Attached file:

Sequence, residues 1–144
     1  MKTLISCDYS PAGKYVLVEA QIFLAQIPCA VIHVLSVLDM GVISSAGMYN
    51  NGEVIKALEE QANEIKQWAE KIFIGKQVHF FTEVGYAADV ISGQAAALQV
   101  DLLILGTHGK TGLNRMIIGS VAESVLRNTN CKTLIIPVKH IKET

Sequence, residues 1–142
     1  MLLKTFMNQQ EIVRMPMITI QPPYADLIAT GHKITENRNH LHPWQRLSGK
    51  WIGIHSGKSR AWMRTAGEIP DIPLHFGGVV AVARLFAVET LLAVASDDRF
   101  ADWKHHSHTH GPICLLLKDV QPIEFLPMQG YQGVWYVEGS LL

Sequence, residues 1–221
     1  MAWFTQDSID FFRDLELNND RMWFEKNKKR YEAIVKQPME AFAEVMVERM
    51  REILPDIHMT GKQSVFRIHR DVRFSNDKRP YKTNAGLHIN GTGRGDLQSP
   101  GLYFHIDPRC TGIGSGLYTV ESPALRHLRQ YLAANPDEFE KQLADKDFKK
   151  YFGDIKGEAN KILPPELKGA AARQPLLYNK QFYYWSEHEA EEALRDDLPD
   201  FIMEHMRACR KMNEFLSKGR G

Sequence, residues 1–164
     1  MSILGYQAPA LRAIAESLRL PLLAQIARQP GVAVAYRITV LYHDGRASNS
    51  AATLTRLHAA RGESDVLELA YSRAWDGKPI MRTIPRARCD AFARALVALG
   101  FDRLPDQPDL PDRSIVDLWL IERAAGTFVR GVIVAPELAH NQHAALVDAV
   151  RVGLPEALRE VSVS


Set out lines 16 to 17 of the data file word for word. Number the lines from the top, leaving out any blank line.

     1  MSILGYQAPA LRAIAESLRL PLLAQIARQP GVAVAYRITV LYHDGRASNS
    51  AATLTRLHAA RGESDVLELA YSRAWDGKPI MRTIPRARCD AFARALVALG